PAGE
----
But Kallenius and Wolff insist that F1 remains a priority to Mercedes and it is clear there is still scope for the value it provides to increase.
Mercedes’ record-breaking sixth consecutive F1 title double last year came at a net cost to the manufacturer of under £30m as sponsorship and prize money took care of the bulk of the team’s £363m spent.
Mercedes-Benz AG provided £44.4m to the team in 2019 but £16m was returned for the cost of engine supply, reflecting a net cost of £28.4m. In return, the F1 team made “an important contribution” to the ongoing growth in value of the Mercedes-Benz brand.
Mercedes Grand Prix’s 2019 financial report states the team enjoyed 23.86% of F1 television coverage during the season, generating a cumulative television value advertising equivalent of $5.4bn for all its partners.
Wolff has an ultimate ambition to make the F1 team cost neutral to Daimler and it is founded in reality. When the budget cap comes in and expenses drop, that will surely be a formality.
Mercedes’ most recent accounts note that there’s never 100% guarantee that financial support from a parent company will continue endlessly. This is particularly sensitive in F1.
But the return on investment in brand value terms is a ringing endorsement for ongoing investment. There’s no reason for the organisation not to continue being successful. And it’s soon going to require no budget contribution from Daimler whatsoever.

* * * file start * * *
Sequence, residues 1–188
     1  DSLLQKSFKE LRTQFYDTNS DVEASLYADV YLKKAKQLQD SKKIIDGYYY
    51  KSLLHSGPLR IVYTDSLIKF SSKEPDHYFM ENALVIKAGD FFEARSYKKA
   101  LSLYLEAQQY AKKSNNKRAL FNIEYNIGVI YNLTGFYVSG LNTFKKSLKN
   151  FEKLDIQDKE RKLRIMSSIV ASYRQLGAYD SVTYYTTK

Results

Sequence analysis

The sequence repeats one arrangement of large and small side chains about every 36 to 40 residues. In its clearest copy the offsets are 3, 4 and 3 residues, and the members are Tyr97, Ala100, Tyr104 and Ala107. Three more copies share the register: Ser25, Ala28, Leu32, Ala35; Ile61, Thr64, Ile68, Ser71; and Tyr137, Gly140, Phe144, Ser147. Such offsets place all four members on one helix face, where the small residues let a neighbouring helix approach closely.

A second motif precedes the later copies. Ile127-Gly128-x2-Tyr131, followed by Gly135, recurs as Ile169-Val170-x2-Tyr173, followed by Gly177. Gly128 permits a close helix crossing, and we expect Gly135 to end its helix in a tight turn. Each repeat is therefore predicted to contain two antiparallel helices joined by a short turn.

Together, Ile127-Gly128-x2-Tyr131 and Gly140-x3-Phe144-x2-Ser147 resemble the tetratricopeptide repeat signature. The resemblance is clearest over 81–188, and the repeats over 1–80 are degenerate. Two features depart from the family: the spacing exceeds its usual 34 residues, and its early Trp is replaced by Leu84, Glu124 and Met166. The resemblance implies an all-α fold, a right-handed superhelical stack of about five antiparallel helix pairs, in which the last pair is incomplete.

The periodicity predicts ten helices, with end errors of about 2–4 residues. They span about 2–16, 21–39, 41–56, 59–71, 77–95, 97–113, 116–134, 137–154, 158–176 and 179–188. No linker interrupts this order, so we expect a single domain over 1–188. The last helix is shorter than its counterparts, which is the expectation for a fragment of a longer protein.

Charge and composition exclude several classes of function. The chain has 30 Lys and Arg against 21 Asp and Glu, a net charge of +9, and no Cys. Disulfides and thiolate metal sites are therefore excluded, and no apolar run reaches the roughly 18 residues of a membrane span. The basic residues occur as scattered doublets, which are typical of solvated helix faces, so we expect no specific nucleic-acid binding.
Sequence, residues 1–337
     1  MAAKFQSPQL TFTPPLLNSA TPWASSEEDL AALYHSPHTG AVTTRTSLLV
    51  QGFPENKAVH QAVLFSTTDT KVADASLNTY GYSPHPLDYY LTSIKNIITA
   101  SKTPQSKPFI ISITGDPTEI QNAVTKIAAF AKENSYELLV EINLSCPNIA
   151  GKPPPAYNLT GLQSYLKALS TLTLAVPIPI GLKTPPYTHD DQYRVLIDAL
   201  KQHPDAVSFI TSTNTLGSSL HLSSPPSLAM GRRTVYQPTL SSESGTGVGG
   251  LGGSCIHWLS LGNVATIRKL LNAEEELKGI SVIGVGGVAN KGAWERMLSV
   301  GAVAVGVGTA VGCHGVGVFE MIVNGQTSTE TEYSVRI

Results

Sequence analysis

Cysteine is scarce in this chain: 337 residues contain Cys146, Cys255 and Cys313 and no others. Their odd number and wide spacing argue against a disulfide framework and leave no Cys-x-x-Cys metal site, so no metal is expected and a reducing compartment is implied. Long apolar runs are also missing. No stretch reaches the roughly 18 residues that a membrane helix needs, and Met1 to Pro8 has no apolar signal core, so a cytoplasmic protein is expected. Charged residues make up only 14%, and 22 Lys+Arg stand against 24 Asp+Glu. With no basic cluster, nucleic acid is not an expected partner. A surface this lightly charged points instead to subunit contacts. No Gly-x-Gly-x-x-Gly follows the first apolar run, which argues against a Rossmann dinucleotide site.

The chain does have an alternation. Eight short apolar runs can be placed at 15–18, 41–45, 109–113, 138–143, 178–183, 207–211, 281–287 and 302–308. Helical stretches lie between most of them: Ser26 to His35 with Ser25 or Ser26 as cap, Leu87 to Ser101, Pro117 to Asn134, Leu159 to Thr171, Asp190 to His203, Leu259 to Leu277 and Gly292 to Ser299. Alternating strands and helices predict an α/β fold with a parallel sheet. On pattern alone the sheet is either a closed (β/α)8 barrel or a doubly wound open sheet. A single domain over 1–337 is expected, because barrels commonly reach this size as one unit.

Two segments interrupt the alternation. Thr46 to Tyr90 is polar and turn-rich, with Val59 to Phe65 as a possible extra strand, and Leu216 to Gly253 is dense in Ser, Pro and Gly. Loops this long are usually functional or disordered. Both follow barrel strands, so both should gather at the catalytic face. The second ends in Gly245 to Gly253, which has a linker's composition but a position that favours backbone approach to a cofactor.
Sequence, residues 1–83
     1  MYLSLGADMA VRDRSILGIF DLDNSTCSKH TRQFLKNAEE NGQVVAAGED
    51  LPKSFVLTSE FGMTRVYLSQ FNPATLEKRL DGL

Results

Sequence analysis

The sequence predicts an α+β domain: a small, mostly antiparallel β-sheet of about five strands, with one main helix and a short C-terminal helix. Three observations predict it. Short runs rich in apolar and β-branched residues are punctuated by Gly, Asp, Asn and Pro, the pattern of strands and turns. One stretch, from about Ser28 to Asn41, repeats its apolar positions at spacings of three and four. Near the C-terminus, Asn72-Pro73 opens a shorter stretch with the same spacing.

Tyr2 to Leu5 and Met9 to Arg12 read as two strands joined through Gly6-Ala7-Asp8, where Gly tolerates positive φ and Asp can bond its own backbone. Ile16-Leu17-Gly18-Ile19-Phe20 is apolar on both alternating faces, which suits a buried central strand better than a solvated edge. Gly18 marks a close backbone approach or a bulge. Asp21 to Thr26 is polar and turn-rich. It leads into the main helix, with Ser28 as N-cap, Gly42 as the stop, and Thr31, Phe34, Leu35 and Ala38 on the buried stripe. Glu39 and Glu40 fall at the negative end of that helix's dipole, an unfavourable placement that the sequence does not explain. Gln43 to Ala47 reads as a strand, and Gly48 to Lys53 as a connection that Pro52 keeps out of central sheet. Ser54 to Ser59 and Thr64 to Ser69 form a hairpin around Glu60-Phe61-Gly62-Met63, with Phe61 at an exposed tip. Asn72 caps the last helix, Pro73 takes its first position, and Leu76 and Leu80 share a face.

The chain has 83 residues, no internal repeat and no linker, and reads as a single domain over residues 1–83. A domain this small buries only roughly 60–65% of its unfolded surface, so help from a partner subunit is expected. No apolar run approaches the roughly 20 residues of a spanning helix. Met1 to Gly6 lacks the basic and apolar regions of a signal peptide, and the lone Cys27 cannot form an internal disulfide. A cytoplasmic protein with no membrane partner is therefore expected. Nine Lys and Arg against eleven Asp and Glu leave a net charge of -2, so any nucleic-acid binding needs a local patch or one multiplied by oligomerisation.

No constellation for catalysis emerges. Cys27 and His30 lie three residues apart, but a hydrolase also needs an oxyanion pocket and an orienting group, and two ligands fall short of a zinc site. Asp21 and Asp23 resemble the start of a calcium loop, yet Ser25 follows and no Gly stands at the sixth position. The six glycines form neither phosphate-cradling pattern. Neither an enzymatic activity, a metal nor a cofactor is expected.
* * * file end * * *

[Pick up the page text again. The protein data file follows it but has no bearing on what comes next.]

It would seem ill-timed for Mercedes to relinquish its works team just as its already absurd value reaches a new level.
So where does Ineos fit in?
When Ineos’s presence on the 2020 Mercedes and its increased partnership was revealed earlier this year, Ratcliffe played down a suggestion it was the beginning of a team ownership move in the vein of Ineos’s cycling endeavour.
Ratcliffe, who also owns French top-division football side Nice, told the BBC earlier this year he had enough on his plate and said of F1: “We have only just got the name on the car. I think that is enough for now.”
Whether it remains enough, only those directly involved can say. Unsurprisingly, Mercedes is not excluding greater Ineos involvement in the future. But there has been an emphatic denial this will come at the expense of Wolff’s shares or Daimler’s.
So, this could be an enhanced sponsorship arrangement. Perhaps Ineos will pick up the late Niki Lauda’s vacant shareholding. Maybe Wolff or Daimler will change their mind and accept a slightly reduced stake.